I think they finally figured out how to make a great Purge movie!
The beginning got a little on the nose, which I’ve come to expect from this series. There are a couple of points where the narrative trips over itself. But I’ll be damned; they land the plane. And we finally get to wade up to our eyeballs in actual purge happenings!
The characters fit surprisingly well together, and there is an excellent twist on the usual purge film plot. I really came to care about the characters and not root for their untimely death. And… I didn’t want to walk out halfway through this one like I did the last one.
Cards on the table – I would have preferred 2 hours of Tyreese and Ludacris in Space Pontiac Fiero, just making quips and being badass.
I’m only rating it this highly because I knew what I was getting when I went in. The fact that this monstrosity is making the film festival circuit has to be mentioned in the book of Revelations somewhere.
Get ready for narrative whiplash worse than the characters would suffer if they had to obey the laws of physics. Vin Diesel is yet again the only person on the planet still taking these things serious, and decides to take you on a trip to sadsville every time things start to get fun. To the academy: don’t give him an Oscar. Don’t encourage him.
It’s a great action film, and pure spectacle. The “turn off your brain and watch the cars go boom” we’ve all come to expect. Try to forget he’s making a 10th one and decided to piss away all of the goodwill regarding a certain situation from Fast 7. I’m still shaking my head thinking about the decision to greenlight the storyline in this one.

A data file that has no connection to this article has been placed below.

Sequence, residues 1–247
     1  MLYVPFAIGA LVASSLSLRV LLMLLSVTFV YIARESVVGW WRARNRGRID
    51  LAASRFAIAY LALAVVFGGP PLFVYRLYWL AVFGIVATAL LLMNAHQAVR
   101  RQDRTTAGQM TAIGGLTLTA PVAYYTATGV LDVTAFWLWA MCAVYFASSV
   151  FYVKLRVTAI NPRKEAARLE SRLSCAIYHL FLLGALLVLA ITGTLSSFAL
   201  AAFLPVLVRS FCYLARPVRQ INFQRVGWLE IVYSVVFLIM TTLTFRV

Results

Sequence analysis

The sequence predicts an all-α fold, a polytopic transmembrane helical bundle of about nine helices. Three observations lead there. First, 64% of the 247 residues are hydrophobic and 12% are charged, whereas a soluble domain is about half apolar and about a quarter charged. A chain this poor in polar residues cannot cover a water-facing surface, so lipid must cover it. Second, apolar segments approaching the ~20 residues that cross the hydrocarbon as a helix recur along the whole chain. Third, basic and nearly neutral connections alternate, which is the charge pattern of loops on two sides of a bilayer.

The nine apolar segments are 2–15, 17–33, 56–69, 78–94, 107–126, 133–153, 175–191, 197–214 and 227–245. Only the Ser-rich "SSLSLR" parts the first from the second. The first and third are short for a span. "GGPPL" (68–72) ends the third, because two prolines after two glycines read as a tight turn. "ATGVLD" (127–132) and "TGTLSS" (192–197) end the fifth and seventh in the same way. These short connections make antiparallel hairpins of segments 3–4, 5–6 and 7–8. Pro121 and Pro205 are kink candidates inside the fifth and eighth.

Fasten your seatbelts, and get ready for another 2.5 hour globe-trotting superspy action film. Or, you know, go watch “Tokyo Drift” or something.
If this is going to be the new Marvel, post-infinity saga, then I will continue to be a butt in a seat for every one. This was an amazingly well done action film/family drama. The runtime felt a bit long at points, but there were some important character things to round out before the credits rolled.
The entire cast killed it. At least the family. (good lord, I’m becoming Vin Diesel) They seem like they’ve been together for 20 films, not just one. Quips actually land, and you feel a sense of closure at the end that makes “Avengers: Endgame” sit much better.
The post-credits scene was a bit deep in the lore for me, but I’ll find a few Wikipedia articles and get it figured out before the next one.
Upfront, I’m a sucker for this franchise. Spinoffs and all.
The anchor of this film and one of the best parts of the tentpole films in The Conjuring universe is the relationship between Ed and Lorraine Warren. Vera Farmiga and Patrick Wilson are perfect together. The investment in these two characters takes these films to another level and keeps them above the typical studio horror film status. This film dives much deeper into the chemistry between the dynamic duo and a bit more of their backstory, as they are both tested in ways they haven’t been before. Vera, especially, shines as she takes the lead in this film after Patrick’s character is somewhat sidelined in this round.
Story-wise, it’s pretty straightforward. More of a detective story and a much broader scope than the other two prominent films in the franchise. The cinematography is again off the charts. The camera work is perfectly executed to give the audience all they need, framed just the way it needs to be, and timed for maximum impact. Even when the film leans on topes, they’re so well done that you won’t care.
I get a little worried every time they add to this cinematic universe, and each time my fears have been alleviated by the finished product. The balance is always there with just enough new set upon a foundation of familiarity, with strong enough characters that we follow them to hell and back. Extremely well done. Highly recommend.